The American Mother’s Day has historical roots dating back to the Civil War. Early activities were marked by local peace groups of mothers whose sons had fought or died on opposite sides of the war.
Ann Jarvis created a committee in 1868 to establish a “Mother’s Friendship Day” the purpose was “to reunite families that had been divided during the Civil War.” Ms. Jarvis also used this opportunity to teach women in her Mothers Friendship Clubs the basics of nursing and sanitation. This education saved thousands of lives.
Ann Jarvis wanted to expand “Mother’s Friendship Day” into an annual memorial for mothers, but she died in 1905 before the celebration became a national holiday. Ms. Jarvis’s daughter, Anna Marie Jarvis, continued her Mother’s dream to establish the celebratory day, with the help of a Philadelphia merchant. The first “official” Mother’s Day service was on May 10, 1908 in the Andrew’s Methodist Episcopal Church in Grafton, West Virginia. Ann Jarvis was a member of this congregation and a Sunday school teacher.
In New York City, Julia Ward Howe (who wrote The Battle Hymn of the Republic) led a “Mother’s Day” anti-war observance on June 2, 1872, which was accompanied by a Mother’s Day Proclamation. Ms. Howe had grow to be troubled by the death of the Civil War, so she called on Mother’s to come together and protest what she saw as the senselessness of their Sons killing the Sons of other Mothers. The observance continued in Boston for about 10 years under Howe’s personal funding, then died out.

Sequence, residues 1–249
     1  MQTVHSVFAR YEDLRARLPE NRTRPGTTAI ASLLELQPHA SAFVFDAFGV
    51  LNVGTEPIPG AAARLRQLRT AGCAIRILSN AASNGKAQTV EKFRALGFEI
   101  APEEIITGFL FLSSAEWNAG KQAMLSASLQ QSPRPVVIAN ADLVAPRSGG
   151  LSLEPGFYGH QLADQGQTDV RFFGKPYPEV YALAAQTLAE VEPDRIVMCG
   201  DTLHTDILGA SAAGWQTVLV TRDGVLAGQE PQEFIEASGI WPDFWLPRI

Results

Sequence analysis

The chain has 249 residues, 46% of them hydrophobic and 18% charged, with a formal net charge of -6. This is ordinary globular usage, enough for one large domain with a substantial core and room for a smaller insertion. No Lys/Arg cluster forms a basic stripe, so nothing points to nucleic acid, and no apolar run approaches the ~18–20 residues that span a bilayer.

In 1908 a U.S. Senator from Nebraska, Elmer Burkett, proposed making Mother’s Day a national holiday. The proposal was defeated, but by 1909 forty-six states were holding Mother’s Day services. In 1910 West Virginia declared an official holiday and other states soon followed. On May 8, 1914, the U.S. Congress passed a law designating the second Sunday in May as Mother’s Day and requesting a proclamation. On May 9, 1914 President Woodrow Wilson issued a proclamation declaring the first national Mother’s Day as a day for American citizens to show the flag in honor of those mothers whose sons had died in war.
Mother’s Day is one of the most commercially successful celebrated occasions. Mother’s Day is now the most popular day of the year to dine out at a restaurant in the United States, according to the National Restaurant Association.
According to IBISWorld, a publisher of business research, Americans will spend approximately $2.6 billion on flowers, $1.53 billion on pampering gifts—and another $68 million on greeting cards. In addition, in 2008 Mother’s Day generated about 7.8% of the U.S. jewelry industry’s annual revenue, with custom gifts.
No matter how your family observes Mother’s Day, make sure you make it special for the woman you call Mom!